Citing a blog post in APA style

Update: 5 Dec 2014
While I have closed comments to cut-off the spam, I still want to help puzzle through the query that led you here, so if this post is not enough, you're welcome to ask me through my new blog

Update 25 May 2010: APA's amended 6th edition example slightly better...

But it needs more explanation, particularly as there are likely to be cases where following their example could lead to the source becoming lost for lack of information. With corrections to the first printing of the 6th edition, APA have corrected faults in their earlier example of citing a blog post, and included an example for citing a comment to a blog post (APA, c2010, in pdf sorry, p. 6). Unfortunately three factors are still missing without explanation:
  1. Blog title. For the post, and comment from it, that have been chosen for examples, the blog title is contained the URL - however it must be remembered that not all blogs are hosted such that their titles show in the URL, and that sometimes blogs are moved. In such cases the title of the blog in which the post appeared might make it easier for other researchers to find the post (or comment) if the blog is moved after you have cited it. While in many cases author and post title might be sufficient, authors do write in different blogs, and over time might conceivably use the same post title in two or more different places.
    *By default I would encourage people to provide the Blog Title unless it would only duplicate information contained elsewhere in the reference (such as for this blog, where my name as author is the same as the blog's title).
  2. Retrieved date. Blog posts and sometimes blog comments are editable and removable, a retrieval date is advised when our source may be changed.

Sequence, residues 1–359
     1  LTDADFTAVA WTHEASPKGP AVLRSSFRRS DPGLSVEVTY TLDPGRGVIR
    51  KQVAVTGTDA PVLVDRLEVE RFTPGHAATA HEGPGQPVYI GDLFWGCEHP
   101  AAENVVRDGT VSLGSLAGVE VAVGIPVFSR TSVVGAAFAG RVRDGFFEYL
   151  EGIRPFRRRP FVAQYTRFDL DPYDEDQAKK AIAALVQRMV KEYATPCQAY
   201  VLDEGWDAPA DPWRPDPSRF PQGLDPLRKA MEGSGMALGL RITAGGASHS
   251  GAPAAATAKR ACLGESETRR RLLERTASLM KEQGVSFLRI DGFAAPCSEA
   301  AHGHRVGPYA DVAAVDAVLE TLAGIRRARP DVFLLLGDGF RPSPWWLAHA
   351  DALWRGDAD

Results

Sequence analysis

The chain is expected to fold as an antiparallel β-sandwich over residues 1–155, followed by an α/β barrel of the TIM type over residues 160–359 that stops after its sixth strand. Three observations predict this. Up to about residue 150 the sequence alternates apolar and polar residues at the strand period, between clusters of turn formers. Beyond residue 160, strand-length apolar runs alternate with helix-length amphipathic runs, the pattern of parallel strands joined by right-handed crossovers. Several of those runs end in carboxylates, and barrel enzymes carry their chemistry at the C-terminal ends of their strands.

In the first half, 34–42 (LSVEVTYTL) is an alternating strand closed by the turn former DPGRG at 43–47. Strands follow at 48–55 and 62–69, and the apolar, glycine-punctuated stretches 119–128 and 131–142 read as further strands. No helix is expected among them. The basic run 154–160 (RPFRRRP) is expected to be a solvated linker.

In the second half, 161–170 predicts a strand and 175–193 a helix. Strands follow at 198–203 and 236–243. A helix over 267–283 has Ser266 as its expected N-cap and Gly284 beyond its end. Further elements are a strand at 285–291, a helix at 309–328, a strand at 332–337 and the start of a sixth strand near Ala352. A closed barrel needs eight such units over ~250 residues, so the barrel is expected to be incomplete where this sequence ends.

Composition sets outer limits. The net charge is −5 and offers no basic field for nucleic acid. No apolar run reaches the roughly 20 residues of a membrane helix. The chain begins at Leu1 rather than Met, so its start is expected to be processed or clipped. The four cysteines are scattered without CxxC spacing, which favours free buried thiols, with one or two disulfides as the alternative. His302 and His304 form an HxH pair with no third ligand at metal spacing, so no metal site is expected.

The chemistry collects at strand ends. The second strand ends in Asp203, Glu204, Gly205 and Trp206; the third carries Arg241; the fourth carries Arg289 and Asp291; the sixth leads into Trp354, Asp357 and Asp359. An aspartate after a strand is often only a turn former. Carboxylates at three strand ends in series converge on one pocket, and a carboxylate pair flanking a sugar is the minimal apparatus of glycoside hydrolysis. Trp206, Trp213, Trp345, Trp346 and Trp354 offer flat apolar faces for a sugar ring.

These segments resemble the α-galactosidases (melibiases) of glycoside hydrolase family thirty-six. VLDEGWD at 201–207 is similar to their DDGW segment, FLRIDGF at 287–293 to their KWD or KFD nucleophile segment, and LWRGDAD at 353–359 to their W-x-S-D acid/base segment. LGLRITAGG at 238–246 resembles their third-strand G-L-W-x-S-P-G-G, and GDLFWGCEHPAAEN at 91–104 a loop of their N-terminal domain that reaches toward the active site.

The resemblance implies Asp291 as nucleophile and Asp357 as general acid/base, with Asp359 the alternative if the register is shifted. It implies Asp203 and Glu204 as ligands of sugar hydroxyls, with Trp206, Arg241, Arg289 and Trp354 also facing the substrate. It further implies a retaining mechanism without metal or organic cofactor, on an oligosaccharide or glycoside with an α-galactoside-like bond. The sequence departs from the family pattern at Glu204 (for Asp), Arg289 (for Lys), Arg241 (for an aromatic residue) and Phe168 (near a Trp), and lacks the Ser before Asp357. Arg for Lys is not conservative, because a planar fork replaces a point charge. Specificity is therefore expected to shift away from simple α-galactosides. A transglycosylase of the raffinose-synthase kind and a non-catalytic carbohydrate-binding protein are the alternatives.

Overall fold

3. Precise URL, the comment APA cite was one of a multitude, and I think that commenter did comment more than once on that date, the specific URL to the specific comment would be useful.

Update 28 April 2009: a.k.a screen-name

For my original post I could not find a word from APA on how to cite an author who uses a screen-name. Apparently since the 2007 update we are to use the author's real name if it is available, but if not then to use the screen-name as given (APA, 2007, p23).

Is this consistent with the APA style principle to provide enough information for the reader to find the source? Land (1998) proposed inclusion of an [a.k.a screen-name] sub-element... which would allow the source-checker to properly identify the item written under a screen-name. I'd prefer something like [as: screen-name] because it indicates how the author named themselves in the cited instance. To me "also known as" confusingly suggests that the author identified themselves by their real name when they are potentially better known by their screen-name. I'm curious how an [a.k.a] or [as: ] author sub-element might be handled by automated referencing tools.